§ Flood insurance is affordable: The annual premium for a residential NFIP policy starts at $112 per year, according to FEMA, and increases according to the level of flood risk and amount of coverage needed. The maximum coverage amount is $250,000 for the structure of the home and $100,000 for its contents.

§ It is easy to assess your flood risk: More than 20,000 communities in all 50 U.S. states and territories voluntarily participate in the NFIP, encompassing nearly all properties in the nation’s high-risk flood zones. Enter your address at http://www.floodsmart.gov/floodsmart/pages/riskassesment/findpropertyform.jsp to determine your level of flood risk.

§ Excess flood insurance policies add an extra layer of coverage: A growing number of private insurers have begun offering excess flood policies, intended to provide water damage protection to homeowners over and above the limits provided by the NFIP policies.

§ Without insurance, relief from floods primarily comes in the form of loans: If your community is declared a disaster area, no-interest or low-interest loans are usually made available by the federal government as part of the recovery effort. These loans are just that—loans—and must be paid back. Obtaining a flood insurance policy is the only way to protect yourself fully from the cost of flooding.

Learn to Safely Navigate Winter’s Driving Conditions

The hazards of the road increase in winter, as the weather becomes less predictable. To avoid these conditions, you might be able to cut down on your driving, but you probably can’t eliminate it altogether…and maybe you wouldn’t want to. Therefore, it’s essential that you take steps to lessen your risk.

As with many things in life, preparation is the key to managing winter driving hazards. The following tips can help to keep you safe on the road, regardless of the weather:

  • Check tire pressure monthly. Keep your vehicle’s tires inflated at the manufacturer’s recommended pressure for maximum performance on icy roads. It’s important that you perform a pressure check monthly because a change in temperature of 10 degrees Fahrenheit changes the tire pressure about one pound per square inch. Added benefits of keeping tires properly inflated include better gas mileage and increased tire life.
  • Have your battery checked. Cold slows down the chemical reaction in a car’s battery, which decreases its power output. In fact, starting power drops dramatically below 77 degrees Fahrenheit. Be sure your car’s battery is fully charged to compensate for the drop in output.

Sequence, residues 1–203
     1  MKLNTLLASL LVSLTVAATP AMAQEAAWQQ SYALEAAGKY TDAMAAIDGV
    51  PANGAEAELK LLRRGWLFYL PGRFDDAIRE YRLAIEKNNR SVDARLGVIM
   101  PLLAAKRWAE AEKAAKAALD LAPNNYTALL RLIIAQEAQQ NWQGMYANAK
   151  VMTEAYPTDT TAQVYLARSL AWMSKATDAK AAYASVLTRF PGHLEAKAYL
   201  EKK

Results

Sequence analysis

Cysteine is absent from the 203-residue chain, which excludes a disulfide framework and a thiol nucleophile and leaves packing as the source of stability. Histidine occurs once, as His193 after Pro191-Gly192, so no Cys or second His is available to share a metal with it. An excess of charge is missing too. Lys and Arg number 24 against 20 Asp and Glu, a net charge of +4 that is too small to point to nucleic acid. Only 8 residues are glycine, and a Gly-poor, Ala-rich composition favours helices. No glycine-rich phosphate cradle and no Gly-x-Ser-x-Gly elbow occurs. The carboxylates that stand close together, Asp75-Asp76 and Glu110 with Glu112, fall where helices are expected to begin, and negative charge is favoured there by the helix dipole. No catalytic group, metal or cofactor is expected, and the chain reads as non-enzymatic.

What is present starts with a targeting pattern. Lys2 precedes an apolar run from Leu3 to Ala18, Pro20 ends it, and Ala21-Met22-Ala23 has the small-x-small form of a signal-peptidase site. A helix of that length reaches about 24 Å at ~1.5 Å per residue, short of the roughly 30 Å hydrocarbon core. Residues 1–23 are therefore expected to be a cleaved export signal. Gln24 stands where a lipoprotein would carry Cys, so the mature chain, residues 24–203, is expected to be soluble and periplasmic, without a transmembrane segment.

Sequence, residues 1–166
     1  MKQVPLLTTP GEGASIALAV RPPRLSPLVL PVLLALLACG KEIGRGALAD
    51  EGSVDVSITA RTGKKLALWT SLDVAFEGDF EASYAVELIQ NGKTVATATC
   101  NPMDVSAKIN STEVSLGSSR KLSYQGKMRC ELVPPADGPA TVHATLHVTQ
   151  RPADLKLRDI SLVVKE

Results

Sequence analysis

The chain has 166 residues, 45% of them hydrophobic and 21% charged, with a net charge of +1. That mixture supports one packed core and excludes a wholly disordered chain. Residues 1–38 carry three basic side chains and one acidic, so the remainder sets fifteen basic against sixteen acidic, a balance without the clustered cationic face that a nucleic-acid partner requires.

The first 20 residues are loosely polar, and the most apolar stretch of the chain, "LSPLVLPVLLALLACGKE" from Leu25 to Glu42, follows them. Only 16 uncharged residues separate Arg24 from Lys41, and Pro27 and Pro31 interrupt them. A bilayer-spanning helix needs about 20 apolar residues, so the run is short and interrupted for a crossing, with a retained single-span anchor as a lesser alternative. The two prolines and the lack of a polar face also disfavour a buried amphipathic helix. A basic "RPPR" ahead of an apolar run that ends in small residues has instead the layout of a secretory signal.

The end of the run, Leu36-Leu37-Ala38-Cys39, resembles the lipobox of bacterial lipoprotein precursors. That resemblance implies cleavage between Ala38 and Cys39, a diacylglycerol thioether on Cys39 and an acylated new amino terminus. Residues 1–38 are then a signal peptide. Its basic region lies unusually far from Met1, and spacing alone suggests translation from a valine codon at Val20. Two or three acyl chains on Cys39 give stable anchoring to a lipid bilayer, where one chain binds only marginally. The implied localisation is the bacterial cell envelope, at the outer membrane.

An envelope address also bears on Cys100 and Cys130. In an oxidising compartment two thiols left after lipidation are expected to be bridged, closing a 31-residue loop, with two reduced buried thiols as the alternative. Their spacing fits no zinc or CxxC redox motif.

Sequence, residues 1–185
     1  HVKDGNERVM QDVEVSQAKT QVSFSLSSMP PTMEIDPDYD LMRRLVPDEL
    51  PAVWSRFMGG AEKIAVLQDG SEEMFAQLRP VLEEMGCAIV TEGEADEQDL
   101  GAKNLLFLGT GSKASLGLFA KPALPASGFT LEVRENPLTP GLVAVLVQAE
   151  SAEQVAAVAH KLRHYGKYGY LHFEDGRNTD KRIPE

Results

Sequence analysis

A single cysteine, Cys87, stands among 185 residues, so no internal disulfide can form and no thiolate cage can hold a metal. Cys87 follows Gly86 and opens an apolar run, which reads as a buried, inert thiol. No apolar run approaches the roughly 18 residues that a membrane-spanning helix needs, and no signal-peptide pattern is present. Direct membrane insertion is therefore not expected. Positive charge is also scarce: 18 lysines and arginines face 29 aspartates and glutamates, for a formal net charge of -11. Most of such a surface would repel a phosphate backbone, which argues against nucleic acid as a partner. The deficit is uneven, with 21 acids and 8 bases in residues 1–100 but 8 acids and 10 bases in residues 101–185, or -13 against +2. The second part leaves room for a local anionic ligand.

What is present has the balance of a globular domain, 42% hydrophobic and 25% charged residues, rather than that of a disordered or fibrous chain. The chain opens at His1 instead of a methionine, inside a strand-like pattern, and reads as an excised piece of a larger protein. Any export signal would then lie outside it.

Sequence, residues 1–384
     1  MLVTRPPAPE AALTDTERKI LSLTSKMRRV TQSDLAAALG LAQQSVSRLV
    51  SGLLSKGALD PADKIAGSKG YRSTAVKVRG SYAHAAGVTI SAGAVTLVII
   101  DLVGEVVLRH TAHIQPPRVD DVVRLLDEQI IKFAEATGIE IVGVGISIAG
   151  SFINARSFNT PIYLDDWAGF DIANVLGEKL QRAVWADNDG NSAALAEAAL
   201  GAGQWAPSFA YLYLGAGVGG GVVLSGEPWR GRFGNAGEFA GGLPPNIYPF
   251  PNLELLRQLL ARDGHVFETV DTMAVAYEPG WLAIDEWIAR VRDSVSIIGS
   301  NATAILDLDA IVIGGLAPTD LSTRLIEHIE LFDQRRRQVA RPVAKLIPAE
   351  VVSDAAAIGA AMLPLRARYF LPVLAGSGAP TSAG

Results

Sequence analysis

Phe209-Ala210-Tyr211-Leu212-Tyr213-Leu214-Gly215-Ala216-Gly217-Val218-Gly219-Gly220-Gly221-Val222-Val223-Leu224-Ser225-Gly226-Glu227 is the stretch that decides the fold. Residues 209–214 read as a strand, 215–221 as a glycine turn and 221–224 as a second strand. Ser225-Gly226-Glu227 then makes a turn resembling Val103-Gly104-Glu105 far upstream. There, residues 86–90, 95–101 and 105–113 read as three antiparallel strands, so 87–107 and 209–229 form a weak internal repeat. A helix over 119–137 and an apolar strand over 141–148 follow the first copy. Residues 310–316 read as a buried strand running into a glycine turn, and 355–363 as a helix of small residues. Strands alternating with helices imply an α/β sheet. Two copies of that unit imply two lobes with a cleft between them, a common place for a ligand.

• Know what your car is capable of handling. Your vehicle may have all-wheel drive, anti-lock brakes and all-weather tires. However, don’t be fooled into thinking that these features are a panacea for all the problems associated with winter driving. Becoming too complacent about the car’s ability to handle tough road conditions is a sure fire way to find yourself in a bad situation.
  • Learn to stay focused. When you drive, focus all of your attention on the road so you can anticipate hazards. Keeping your mind on the road ahead allows you to plan for areas that usually remain icy even when roads are clear, like bridges, overpasses and heavily shaded spots. The more aware you are, the better your ability to respond.
  • Exercise extra caution when necessary. Intersections with stoplights or stop signs can become deceptively treacherous when the weather is bad. Because so much traffic slides to a halt in the same location, the snow tends to become packed, and develops a slick icy surface. Drivers who spin their tires when starting up from a stopped position compound the problem. To compensate for these conditions, begin braking sooner when approaching an intersection. This will allow you more time to make necessary adjustments.
  • Plan when and how you will travel. Travel during daylight hours and wear sunglasses that provide UV protection to shield your eyes from snow and ice glare. Take the most direct route possible to your destination, and allow extra travel time in case you encounter unexpected problems.

Keep your vehicle stocked for an emergency. Be sure to have blankets and snacks in your car or truck to tide you over if you are stranded or stopped by bad road conditions.

Excessive Holiday Drinking and Driving Don’t Mix

The weeks between Thanksgiving and New Year’s Day include the most important entertaining season on many people’s social calendars. While these festivities are a wonderful part of the holiday season, they do bring with them a very serious problem-partygoers who drink too much and then get behind the wheel of a car.